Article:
First metal substrate 2 may be comprised of any metal. When the first metal substrate is selected from the group of materials including ferrous metals and ferrous alloys, such as steel, it is necessary to provide the metal with a corrosion-resistant coating. Any well-known corrosion resistant coating may be utilized. The preferred material for first metal substrate 2 is a material selected from the group consisting of nonferrous metals and their alloys, preferably an aluminum alloy. While a coating may optionally be applied to these materials to promote improved bonding to the rubber when the part has a complex configuration, such a coating is not required to promote corrosion resistance. A typical material utilized to promote improved bonding to the rubber is a two part adhesive system comprised of a primer and a topcoat, wherein the primer is an adhesive of polymers in an organic solvent and the topcoat is an adhesive overlayer. Bonding between the topcoat and the rubber is promoted by the vulcanization process, so that a strong chemical bond exists between the topcoat and the rubber, in addition to the mechanical bonding which may result from the complex structure 4 the casting itself. The chemical bonding promoted during vulcanization is similar to the method set forth in U.S. Pat. No. 5,030,515 to Ozawa, discussed previously. An adhesive system for this bonding which has been used successfully is CHEMLOK® 205/252 available from Lord Corporation, Erie, Pa. Rubber 16 is vulcanized around metal substrate 2 in the mold in the conventional manner, forming first metal substrate assembly 18 as shown in FIG. 4.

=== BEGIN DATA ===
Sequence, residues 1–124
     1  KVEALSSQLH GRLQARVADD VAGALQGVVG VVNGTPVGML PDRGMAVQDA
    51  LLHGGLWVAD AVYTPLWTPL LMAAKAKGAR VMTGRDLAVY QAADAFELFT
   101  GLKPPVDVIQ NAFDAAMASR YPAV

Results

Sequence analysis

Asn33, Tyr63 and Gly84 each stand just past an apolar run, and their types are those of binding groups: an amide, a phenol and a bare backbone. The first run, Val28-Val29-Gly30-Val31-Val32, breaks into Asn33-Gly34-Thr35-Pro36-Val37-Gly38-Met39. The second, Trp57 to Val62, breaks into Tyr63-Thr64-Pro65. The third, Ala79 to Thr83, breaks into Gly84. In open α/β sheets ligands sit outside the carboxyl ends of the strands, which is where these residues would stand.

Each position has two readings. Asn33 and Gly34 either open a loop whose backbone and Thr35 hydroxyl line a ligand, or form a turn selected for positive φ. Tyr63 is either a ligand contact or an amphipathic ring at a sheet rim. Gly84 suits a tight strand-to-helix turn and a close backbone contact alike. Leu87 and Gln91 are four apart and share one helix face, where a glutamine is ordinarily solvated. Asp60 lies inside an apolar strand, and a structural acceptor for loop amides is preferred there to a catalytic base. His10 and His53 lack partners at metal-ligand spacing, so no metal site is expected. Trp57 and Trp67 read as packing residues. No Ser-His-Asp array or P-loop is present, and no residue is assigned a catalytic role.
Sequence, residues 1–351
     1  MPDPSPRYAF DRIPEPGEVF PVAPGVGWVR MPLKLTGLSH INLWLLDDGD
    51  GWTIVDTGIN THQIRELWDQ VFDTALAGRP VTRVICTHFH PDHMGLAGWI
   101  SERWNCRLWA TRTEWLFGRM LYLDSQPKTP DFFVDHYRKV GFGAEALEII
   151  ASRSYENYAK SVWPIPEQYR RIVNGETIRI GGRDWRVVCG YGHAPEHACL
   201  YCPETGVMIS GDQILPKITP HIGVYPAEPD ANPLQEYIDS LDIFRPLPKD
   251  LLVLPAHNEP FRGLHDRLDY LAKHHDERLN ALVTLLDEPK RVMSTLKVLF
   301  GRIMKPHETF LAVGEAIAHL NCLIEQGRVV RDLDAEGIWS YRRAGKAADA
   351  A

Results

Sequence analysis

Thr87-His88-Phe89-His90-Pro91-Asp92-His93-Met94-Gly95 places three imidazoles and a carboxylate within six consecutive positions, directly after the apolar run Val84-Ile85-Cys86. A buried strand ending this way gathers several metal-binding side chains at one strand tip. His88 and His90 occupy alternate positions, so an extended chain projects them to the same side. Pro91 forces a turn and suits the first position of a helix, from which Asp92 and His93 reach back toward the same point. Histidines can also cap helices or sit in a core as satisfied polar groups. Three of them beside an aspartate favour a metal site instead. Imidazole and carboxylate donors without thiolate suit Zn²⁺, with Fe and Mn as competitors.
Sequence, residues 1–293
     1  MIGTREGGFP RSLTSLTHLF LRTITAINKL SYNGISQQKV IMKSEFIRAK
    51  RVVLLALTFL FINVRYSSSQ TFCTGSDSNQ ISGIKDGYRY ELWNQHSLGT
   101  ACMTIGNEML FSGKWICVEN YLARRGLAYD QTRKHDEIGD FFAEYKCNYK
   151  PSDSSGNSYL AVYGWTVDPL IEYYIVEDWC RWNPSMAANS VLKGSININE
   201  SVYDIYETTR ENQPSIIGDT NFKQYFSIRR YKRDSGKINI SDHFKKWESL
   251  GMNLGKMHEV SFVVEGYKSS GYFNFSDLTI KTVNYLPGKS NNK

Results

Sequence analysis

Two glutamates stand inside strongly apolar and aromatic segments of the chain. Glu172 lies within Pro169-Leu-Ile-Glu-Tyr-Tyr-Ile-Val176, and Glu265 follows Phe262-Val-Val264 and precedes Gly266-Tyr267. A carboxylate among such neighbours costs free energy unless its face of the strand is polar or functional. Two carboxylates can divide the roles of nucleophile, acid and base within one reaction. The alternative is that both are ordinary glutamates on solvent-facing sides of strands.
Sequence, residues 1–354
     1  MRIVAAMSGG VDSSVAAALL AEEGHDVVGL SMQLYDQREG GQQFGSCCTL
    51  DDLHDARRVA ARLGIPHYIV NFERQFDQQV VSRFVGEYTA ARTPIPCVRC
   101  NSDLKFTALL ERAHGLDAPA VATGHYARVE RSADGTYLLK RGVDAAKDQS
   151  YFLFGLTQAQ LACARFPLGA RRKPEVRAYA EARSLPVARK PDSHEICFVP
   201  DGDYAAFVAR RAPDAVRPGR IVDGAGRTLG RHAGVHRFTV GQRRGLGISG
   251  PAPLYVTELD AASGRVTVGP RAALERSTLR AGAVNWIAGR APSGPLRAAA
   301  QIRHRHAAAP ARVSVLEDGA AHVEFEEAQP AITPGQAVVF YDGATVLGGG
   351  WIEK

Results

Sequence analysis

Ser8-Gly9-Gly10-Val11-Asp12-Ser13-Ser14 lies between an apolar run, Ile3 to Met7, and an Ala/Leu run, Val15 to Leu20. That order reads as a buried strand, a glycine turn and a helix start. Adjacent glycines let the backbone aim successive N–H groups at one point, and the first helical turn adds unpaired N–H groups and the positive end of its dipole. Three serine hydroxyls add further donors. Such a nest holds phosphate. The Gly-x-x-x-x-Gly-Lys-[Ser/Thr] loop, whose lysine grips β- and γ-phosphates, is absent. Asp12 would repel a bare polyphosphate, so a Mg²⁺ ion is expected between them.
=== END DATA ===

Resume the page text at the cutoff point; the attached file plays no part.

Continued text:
First metal substrate assembly 18 which now includes vulcanized rubber, must be bonded to a second metal substrate 42. Second metal substrate 42 may optionally be pretreated in an iron-phosphate solution to provide temporary corrosion resistance. While any metal may be used for second metal substrate 42, including both ferrous and non-ferrous alloys, in a preferred embodiment, second metal substrate 42 is a steel stamping 40 which is first cleaned using a cleaner to remove particles, oils or other materials. Any cleaner may be used, but alcohol or toluene are preferred.
After being cleaned, epoxy powder is electrostatically applied to the second metal substrate. FIG. 5 is a perspective view of the second metal substrate assembly 44 after electrostatic spraying of the epoxy powder over the second metal substrate 42. The powdered epoxy compositions which are employed in the practice of the present invention are well-known in the art and need not be discussed here in detail. Such compositions generally comprise a blend of epoxy resins, pigment, filler corrosion inhibitors and the like. However, because the epoxy powder is electrostatically applied to the surface of the metal, flow control additives and curing agents, normally included with such powdered epoxy resin compositions, are not required.